HONOLULU — When Defense Secretary Mark Esper sits down to talk with troops about racial insensitivity in the military, he said, the biggest issue they call out is the unintended discrimination and insensitivity they face from other service members.
Esper met with airmen and sailors for diversity and inclusion sensing sessions during a late August trip to Guam and Hawaii. Such sessions have been a regular feature of his schedule since early summer, after the late May death of George Floyd — a Black man who died while being restrained by a white Minneapolis police officer, who has since been charged with his murder — inspired protests around the country and heartfelt messages of solidarity from senior military leadership.
“What they tell me is, for the most part, any type of bias that they experience has been mostly unconscious bias,” he said. “So that’s the good news story.”
In other words, issues like microaggressions ― for example, making an assumption or generalization, or an ill-advised attempt at humor, about someone based on their background ― are apparently more common than outright racist comments.
“But that doesn’t mean that it’s exclusively unconscious bias,” he added. “You know, some of it is conscious bias.”
After his first few sensing sessions, earlier this summer, Esper stood up a team to examine the military’s success with inclusivity and make recommendations for what should change.
Defense Secretary Mark Esper called George Floyd's death a wake-up call for military leadership.
That has included issuing guidance to remove photos from promotion packets and reviewing hair standards — some of which have historically limited natural hair styles for Black women — among other moves.
“I see a continuity in terms of their feedback, and ways to address bias in the ranks,” Esper said. “They all shared that there’s a [discomfort] about discussing these issues, issues of race. Much less so when you compare other issues that we deal with in the military.”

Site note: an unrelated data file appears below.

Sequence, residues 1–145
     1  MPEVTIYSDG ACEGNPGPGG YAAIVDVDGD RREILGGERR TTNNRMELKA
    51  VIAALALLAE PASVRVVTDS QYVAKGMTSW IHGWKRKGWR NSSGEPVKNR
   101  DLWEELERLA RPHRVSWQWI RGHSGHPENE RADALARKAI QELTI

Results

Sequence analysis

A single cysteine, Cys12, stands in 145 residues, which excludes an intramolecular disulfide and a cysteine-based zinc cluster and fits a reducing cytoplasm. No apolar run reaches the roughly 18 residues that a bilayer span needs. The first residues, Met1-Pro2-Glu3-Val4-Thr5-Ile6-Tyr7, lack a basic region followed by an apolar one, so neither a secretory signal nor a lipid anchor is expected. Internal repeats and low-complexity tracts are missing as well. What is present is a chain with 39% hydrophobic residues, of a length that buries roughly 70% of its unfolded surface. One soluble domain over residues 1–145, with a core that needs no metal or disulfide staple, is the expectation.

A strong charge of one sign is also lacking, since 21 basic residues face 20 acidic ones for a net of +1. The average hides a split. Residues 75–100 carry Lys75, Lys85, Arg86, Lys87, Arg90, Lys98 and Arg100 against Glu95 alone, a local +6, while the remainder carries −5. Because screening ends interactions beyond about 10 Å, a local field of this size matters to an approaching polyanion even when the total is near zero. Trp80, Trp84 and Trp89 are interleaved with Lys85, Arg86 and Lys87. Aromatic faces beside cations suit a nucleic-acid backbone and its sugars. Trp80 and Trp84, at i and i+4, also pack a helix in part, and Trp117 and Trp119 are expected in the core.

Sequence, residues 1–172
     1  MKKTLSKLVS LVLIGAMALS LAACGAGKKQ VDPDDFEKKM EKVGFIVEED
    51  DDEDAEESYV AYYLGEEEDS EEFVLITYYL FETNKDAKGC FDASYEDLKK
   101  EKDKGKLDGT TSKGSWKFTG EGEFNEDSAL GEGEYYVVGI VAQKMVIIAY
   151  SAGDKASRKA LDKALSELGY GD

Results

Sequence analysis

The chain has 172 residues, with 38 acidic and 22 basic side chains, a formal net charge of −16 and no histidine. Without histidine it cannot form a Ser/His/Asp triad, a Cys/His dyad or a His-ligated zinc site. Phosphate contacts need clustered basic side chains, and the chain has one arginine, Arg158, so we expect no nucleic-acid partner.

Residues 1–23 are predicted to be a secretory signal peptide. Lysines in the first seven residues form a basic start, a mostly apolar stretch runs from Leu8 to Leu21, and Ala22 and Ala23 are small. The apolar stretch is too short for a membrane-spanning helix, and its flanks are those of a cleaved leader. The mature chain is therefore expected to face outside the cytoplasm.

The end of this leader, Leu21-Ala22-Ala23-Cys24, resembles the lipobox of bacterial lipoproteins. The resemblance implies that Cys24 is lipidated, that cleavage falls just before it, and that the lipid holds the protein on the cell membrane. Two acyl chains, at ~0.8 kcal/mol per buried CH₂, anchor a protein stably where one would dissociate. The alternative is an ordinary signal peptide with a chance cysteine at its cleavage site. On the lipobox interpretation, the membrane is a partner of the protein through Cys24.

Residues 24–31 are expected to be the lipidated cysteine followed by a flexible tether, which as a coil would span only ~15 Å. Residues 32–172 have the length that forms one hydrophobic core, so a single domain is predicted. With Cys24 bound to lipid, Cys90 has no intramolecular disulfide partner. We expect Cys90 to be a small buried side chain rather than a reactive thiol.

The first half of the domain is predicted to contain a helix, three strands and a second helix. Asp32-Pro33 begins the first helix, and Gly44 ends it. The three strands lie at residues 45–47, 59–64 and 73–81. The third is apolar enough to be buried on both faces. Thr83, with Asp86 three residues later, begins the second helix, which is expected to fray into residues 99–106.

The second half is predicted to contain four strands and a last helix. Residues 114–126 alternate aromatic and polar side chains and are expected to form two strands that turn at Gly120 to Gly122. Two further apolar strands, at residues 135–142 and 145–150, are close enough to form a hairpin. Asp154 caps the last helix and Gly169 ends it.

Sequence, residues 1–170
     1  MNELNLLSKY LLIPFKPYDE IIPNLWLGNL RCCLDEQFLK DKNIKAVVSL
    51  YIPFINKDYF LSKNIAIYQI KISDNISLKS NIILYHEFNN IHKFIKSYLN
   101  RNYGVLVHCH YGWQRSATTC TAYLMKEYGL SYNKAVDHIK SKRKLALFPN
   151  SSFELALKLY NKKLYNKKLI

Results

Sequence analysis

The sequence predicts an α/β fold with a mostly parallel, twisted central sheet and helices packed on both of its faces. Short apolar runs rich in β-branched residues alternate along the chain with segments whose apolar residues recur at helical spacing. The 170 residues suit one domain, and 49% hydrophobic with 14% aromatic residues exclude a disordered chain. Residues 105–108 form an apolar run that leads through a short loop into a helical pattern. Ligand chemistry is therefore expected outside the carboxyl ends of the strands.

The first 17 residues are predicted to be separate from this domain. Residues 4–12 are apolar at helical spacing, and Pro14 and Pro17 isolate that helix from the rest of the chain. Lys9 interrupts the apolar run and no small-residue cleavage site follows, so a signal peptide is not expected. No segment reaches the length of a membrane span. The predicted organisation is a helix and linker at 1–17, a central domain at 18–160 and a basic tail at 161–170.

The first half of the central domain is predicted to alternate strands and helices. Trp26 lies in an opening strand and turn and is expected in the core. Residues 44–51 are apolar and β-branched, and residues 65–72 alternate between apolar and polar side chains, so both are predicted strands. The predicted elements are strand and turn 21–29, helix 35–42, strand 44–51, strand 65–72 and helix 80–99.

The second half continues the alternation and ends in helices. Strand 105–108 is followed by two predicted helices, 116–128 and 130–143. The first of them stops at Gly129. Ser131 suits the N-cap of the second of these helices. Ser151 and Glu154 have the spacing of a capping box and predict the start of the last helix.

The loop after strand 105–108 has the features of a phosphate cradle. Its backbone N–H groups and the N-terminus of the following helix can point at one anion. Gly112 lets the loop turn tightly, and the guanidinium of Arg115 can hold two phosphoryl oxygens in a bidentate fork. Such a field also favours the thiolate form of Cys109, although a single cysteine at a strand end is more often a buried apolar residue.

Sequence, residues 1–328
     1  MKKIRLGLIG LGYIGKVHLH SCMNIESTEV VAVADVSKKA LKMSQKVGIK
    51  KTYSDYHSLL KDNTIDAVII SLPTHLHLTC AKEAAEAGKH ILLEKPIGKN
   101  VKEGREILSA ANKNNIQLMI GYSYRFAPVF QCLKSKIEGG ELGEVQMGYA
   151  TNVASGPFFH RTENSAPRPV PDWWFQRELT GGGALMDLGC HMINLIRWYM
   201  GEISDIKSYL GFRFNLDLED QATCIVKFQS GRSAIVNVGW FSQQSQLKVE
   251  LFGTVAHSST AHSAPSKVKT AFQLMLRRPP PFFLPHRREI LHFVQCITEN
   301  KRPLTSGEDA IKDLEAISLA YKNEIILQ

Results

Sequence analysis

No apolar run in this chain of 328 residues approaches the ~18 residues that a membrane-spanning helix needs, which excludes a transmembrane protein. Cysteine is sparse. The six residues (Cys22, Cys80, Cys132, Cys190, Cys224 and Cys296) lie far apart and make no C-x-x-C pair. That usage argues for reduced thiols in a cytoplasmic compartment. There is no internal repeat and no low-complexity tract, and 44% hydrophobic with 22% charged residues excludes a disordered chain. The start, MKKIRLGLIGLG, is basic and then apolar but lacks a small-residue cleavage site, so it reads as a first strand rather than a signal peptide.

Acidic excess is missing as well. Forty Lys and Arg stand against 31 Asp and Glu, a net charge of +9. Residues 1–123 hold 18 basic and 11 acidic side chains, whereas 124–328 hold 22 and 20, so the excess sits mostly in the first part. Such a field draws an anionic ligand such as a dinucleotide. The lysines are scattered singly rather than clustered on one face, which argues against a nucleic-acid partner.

But their suggestions trend away from the military’s traditional methods for making change, which include mandatory training and written policy.
“They want more conversations,” he said. “I don’t believe anybody thinks there’s a silver bullet. They certainly want there to be more discussions. Or would welcome more discussion — and less formalized discussion, more organic discussion.”
Esper’s comments came days before an Army second lieutenant’s Holocaust joke, posted on TikTok, went viral, prompting his suspension and an investigation into his conduct.
A soldier on TikTok made a joke about Jewish people that the Army is investigating.
The backlash, largely on Twitter, was swift. Some active troops called for an immediate discharge of 2nd Lt. Nathan Freihofer, who had been a 3rd Infantry Division platoon leader, arguing that he could never lead effectively leave soldiers with that type of attitude and judgment.
Others advocated that mentorship would help him learn about the negative impact of his “jokes” and help him bounce back.
In any case, the incident created an opening for a broader discussion about what’s acceptable from service members, and how leadership and peers should hold others accountable.
They’re “just looking for that empathy and that understanding, and others being able to have that conversation without feeling like they’re somehow crossing the line,” Esper said of more junior troops wanting to have an open discussion about their experiences.